Whereas in years past, when nations allied with their neighbors in ephemeral bonds of convenience, today’s global politics are tempered by permanent international organizations, regional military alliances, and formal economic partnerships. Thanks in large part to the prevalence of liberal democracies, these groups are able to moderate international disputes and provide forums for nations to air grievances, assuage security concerns, and negotiate settlements—thereby making war a distant (and distasteful) option. As a result, China (and any other global power) has much to lose by flouting international opinion, as evidenced by its advocacy of the recent Syrian uprising, which has drawn widespread condemnation.
In addition to geopolitical and diplomacy issues, globalization continues to transform the world. This interdependence has blurred the lines between economic security and physical security. Increasingly, great-power interests demand cooperation rather than conflict. To that end, maritime nations such as the United States and China desire open sea lines of communication and protected trade routes, a common security challenge that could bring these powers together, rather than drive them apart (witness China’s response to the issue of piracy in its backyard). Facing these security tasks cooperatively is both mutually advantageous and common sense.
Democratic Peace Theory—championed by Thomas Paine and international relations theorists such as New York Times columnist Thomas Friedman—presumes that great-power war will likely occur between a democratic and non-democratic state. However, as information flows freely and people find outlets for and access to new ideas, authoritarian leaders will find it harder to cultivate popular support for total war—an argument advanced by philosopher Immanuel Kant in his 1795 essay “Perpetual Peace.”
Consider, for example, China’s unceasing attempts to control Internet access. The 2011 Arab Spring demonstrated that organized opposition to unpopular despotic rule has begun to reshape the political order, a change galvanized largely by social media. Moreover, few would argue that China today is not socially more liberal, economically more capitalistic, and governmentally more inclusive than during Mao Tse-tung’s regime. As these trends continue, nations will find large-scale conflict increasingly disagreeable.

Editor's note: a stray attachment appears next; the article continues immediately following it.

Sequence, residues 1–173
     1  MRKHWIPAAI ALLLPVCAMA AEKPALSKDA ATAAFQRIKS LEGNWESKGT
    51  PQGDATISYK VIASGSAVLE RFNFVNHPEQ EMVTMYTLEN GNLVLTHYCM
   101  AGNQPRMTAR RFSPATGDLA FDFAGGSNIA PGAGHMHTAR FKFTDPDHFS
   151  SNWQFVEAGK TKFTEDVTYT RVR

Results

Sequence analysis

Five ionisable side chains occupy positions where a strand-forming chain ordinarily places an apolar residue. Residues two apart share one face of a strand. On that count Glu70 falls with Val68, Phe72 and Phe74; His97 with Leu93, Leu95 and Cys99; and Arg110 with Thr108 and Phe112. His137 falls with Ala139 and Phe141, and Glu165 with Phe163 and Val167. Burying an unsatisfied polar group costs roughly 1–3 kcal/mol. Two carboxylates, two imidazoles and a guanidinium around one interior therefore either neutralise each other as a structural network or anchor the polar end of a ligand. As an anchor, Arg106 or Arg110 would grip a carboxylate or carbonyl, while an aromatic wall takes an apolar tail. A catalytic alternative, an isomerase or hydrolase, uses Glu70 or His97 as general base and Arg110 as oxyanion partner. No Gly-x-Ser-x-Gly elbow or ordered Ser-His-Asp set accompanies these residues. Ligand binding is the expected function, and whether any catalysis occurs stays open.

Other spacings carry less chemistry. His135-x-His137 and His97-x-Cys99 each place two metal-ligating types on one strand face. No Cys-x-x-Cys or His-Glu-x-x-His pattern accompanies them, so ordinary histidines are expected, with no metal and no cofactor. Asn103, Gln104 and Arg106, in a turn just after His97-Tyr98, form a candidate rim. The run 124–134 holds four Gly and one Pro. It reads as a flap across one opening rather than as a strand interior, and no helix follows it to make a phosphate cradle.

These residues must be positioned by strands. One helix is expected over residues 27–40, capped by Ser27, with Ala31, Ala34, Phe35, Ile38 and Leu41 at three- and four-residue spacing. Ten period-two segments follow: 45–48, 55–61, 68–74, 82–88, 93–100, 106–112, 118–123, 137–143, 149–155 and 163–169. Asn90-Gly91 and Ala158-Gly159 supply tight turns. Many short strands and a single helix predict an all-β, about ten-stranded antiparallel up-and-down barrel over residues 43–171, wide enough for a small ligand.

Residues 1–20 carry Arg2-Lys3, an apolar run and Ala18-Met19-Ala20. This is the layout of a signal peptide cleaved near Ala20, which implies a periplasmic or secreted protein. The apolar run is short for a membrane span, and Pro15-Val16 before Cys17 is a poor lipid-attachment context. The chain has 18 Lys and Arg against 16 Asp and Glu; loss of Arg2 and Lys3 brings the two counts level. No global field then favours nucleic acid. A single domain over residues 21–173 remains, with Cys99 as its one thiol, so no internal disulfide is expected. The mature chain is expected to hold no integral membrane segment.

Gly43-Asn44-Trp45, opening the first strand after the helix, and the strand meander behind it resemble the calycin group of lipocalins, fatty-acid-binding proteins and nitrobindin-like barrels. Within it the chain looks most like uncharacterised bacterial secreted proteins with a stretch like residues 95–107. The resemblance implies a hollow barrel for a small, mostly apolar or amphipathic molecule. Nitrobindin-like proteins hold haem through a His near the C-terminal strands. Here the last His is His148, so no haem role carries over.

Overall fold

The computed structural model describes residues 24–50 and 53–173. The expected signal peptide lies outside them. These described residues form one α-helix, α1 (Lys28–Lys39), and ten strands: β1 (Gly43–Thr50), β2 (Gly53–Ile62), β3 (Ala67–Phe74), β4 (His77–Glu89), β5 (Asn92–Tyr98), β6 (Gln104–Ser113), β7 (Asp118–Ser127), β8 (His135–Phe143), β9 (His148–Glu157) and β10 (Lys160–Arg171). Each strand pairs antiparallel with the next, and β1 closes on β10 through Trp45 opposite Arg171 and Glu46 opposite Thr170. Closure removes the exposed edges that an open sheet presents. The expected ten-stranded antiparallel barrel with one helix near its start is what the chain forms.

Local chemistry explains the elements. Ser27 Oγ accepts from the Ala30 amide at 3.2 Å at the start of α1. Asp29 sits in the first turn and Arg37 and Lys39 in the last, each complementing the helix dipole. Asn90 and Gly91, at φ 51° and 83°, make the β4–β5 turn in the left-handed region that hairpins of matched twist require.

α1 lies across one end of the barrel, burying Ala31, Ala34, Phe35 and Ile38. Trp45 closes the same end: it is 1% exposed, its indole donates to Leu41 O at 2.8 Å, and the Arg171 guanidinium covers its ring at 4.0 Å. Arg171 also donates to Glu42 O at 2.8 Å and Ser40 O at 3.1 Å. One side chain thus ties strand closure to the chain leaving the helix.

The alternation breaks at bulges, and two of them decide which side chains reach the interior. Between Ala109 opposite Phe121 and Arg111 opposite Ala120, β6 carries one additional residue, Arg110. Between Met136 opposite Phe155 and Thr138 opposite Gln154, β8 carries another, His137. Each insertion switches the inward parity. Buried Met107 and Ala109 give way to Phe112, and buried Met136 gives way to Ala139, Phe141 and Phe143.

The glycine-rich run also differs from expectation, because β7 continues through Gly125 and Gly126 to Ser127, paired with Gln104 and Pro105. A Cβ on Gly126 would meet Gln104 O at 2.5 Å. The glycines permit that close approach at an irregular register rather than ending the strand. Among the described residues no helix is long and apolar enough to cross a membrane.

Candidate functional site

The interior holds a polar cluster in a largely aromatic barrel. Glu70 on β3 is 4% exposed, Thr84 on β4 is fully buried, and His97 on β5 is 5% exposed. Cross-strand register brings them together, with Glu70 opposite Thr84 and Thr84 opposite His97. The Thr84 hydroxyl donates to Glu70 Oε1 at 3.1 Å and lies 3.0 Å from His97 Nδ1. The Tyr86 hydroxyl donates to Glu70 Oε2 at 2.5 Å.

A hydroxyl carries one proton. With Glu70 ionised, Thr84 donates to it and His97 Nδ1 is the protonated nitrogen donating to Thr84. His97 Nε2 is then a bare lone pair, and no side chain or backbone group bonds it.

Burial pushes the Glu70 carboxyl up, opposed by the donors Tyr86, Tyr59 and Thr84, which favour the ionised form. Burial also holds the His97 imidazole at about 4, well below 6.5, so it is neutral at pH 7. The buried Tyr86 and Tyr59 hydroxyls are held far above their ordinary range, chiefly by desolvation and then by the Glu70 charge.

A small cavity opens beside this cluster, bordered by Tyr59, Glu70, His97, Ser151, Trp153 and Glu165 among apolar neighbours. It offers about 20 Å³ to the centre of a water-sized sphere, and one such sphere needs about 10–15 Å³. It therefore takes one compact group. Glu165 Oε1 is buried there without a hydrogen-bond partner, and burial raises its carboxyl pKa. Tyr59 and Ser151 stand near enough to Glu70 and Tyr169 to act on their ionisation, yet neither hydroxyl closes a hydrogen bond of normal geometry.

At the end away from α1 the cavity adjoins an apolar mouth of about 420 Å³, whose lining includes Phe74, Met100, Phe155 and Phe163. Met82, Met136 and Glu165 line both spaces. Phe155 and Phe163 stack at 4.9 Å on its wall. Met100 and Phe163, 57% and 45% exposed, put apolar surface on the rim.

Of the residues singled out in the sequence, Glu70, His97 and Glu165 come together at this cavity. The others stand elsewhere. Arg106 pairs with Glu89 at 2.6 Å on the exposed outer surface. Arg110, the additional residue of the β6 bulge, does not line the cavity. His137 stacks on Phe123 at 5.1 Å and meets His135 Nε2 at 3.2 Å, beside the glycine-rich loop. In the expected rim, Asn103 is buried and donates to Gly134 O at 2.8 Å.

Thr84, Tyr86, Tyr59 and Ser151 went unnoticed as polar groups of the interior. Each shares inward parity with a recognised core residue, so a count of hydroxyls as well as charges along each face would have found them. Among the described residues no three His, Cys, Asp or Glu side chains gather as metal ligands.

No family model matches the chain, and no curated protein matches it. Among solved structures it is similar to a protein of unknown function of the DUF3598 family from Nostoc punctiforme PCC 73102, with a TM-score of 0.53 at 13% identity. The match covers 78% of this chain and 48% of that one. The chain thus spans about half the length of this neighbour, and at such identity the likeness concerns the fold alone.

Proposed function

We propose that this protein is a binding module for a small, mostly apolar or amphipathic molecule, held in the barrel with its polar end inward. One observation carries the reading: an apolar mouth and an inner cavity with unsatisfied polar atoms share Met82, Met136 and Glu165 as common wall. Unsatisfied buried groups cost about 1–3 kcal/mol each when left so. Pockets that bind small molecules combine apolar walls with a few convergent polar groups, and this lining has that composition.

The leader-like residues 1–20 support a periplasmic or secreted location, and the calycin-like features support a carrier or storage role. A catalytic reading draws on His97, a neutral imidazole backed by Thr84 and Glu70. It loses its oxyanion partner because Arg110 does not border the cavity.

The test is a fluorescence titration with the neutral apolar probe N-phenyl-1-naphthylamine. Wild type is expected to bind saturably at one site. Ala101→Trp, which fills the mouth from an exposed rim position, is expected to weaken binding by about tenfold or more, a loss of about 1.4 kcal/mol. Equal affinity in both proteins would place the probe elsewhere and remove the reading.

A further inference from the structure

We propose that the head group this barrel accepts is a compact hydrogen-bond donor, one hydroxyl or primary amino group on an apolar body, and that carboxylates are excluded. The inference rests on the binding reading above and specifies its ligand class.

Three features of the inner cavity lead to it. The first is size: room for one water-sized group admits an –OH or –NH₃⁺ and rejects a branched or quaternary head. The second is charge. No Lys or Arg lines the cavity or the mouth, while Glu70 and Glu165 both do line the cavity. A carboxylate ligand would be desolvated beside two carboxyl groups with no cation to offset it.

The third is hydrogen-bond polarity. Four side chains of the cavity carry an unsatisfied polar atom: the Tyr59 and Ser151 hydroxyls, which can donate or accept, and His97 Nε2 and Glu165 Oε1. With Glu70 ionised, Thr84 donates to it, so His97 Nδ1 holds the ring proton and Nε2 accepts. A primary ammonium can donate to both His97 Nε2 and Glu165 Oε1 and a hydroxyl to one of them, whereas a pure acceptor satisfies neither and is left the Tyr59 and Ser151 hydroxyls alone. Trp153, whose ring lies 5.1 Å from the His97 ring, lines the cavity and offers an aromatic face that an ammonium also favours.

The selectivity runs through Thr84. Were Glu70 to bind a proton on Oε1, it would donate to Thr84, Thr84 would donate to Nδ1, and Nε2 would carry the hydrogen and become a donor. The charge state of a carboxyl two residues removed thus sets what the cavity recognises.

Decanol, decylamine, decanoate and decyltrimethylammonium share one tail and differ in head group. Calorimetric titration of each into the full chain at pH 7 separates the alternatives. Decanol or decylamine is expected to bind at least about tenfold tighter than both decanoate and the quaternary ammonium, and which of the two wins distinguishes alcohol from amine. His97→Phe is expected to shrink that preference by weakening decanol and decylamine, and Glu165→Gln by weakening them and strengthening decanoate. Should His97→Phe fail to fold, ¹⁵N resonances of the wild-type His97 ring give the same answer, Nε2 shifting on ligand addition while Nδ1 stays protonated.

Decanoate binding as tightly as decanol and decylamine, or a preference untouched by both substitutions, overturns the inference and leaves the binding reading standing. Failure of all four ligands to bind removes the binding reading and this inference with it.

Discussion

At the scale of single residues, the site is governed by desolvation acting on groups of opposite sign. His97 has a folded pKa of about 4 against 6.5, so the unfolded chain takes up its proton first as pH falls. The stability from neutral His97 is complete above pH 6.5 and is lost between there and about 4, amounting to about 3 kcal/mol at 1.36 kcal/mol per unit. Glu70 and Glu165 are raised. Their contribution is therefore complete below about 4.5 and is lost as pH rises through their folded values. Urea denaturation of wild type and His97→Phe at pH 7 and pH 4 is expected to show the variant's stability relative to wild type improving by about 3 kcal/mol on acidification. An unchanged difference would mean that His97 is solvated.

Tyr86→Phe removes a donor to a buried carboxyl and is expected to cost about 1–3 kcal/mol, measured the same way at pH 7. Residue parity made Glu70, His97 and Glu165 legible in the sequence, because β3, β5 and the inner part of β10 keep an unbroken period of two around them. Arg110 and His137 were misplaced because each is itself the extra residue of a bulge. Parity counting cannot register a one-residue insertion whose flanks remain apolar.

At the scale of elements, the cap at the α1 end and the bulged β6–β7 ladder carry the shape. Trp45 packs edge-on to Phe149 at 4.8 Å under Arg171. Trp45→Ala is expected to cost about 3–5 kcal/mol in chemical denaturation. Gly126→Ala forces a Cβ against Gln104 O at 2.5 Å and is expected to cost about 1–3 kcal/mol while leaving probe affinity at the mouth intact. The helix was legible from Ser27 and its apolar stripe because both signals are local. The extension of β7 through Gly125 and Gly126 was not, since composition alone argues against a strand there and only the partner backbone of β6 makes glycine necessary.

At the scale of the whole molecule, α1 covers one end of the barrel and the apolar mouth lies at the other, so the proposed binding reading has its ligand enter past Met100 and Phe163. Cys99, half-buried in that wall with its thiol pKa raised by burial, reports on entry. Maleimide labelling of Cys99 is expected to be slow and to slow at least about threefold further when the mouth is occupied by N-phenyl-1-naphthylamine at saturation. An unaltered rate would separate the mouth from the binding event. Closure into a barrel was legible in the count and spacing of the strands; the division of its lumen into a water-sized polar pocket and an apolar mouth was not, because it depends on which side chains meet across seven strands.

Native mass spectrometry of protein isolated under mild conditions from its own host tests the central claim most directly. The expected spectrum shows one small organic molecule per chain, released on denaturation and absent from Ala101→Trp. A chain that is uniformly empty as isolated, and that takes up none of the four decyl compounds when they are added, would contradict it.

In terms of the military, ongoing fiscal constraints and socio-economic problems likely will marginalize defense issues. All the more reason why great powers will find it mutually beneficial to work together to find solutions to common security problems, such as countering drug smuggling, piracy, climate change, human trafficking, and terrorism—missions that Admiral Robert F. Willard, former Commander, U.S. Pacific Command, called “deterrence and reassurance.”
As the Cold War demonstrated, nuclear weapons are a formidable deterrent against unlimited war. They make conflict irrational; in other words, the concept of mutually assured destruction—however unpalatable—actually had a stabilizing effect on both national behaviors and nuclear policies for decades. These tools thus render great-power war infinitely less likely by guaranteeing catastrophic results for both sides. As Bob Dylan warned, “When you ain’t got nothing, you ain’t got nothing to lose.”
Great-power war is not an end in itself, but rather a way for nations to achieve their strategic aims. In the current security environment, such a war is equal parts costly, counterproductive, archaic, and improbable.